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Gamma-aminobutyric acid transaminase deficiency
Gamma-aminobutyric acid transaminase (GABA-T) deficiency is an extremely rare disorder of GABA metabolism characterized by a severe neonatal-infantile epileptic encephalopathy (manifesting with symptoms such as seizures, hypotonia, hyperreflexia and developmental delay) and growth acceleration.
Five patients from three affected families have been reported in the literature to date.
Onset occurs in the neonatal/infantile period. Manifestations reported include hypotonia, impaired psychomotor development, hyperreflexia, lethargy, seizures, high-pitched cry, accelerated linear growth and developmental delay. The phenotype of GABA-T deficiency is more severe than what is seen in succinic semialdehyde dehydrogenase (SSADH) deficiency (see this term), although some patients have survived infancy but with severe neurodevelopmental impairment including myoclonic seizures and choreoathetosis.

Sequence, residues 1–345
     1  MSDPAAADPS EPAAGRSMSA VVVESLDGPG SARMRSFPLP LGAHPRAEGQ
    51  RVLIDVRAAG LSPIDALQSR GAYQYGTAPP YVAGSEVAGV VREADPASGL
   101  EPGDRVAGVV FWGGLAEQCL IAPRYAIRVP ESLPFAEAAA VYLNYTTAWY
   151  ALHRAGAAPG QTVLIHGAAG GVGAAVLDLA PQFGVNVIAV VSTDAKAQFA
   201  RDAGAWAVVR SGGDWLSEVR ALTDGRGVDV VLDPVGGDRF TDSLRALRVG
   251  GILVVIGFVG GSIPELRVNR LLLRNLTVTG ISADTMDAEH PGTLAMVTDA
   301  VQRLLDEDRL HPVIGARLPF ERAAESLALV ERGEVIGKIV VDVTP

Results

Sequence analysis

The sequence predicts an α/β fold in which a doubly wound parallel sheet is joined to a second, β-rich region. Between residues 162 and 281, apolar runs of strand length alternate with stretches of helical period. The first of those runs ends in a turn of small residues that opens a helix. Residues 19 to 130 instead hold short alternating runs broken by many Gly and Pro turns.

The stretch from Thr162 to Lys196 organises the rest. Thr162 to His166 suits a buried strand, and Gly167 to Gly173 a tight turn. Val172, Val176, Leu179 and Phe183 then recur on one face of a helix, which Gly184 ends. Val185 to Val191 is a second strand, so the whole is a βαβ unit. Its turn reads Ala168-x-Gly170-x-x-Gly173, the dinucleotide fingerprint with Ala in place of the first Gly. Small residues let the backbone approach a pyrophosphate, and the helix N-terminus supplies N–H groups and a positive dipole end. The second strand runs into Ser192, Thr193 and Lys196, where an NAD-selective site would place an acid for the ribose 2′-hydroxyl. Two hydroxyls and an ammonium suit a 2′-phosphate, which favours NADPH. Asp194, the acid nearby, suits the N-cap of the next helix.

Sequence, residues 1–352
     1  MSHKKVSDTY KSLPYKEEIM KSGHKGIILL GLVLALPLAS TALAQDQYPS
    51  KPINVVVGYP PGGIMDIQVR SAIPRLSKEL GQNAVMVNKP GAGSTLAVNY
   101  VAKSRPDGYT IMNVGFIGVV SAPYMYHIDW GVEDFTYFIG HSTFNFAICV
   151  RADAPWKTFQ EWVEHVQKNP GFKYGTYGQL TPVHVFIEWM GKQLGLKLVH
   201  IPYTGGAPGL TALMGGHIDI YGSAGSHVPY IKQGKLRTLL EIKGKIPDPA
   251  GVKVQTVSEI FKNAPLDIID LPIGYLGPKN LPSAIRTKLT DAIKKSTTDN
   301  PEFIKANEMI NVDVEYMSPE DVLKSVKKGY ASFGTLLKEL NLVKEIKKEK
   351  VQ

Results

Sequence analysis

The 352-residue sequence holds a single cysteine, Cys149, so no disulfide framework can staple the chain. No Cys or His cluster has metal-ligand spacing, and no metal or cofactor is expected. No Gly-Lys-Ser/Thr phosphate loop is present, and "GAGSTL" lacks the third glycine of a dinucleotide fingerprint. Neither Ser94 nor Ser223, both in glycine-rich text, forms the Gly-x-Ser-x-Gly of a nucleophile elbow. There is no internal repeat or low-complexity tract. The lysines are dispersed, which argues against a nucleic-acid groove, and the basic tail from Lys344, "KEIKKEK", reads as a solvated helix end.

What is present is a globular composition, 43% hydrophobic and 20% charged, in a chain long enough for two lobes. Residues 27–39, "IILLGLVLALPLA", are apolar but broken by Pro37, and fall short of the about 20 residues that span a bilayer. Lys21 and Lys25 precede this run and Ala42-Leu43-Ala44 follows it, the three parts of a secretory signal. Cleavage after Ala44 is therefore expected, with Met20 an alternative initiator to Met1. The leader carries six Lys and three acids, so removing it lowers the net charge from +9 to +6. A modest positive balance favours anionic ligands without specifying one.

GABA-T deficiency is caused by a mutation in the ABAT gene (16p13.2) encoding mitochondrial 4-aminobutyrate aminotransferase (GABA-T). GABA-T is responsible for catalyzing the conversion of gamma-aminobutyrate to succinate semialdehyde in the GABA metabolic pathway. A mutation in this gene leads to an increased accumulation of GABA in central nervous tissue, leading to encephalopathy.
GABA-T deficiency is inherited in an autosomal recessive manner.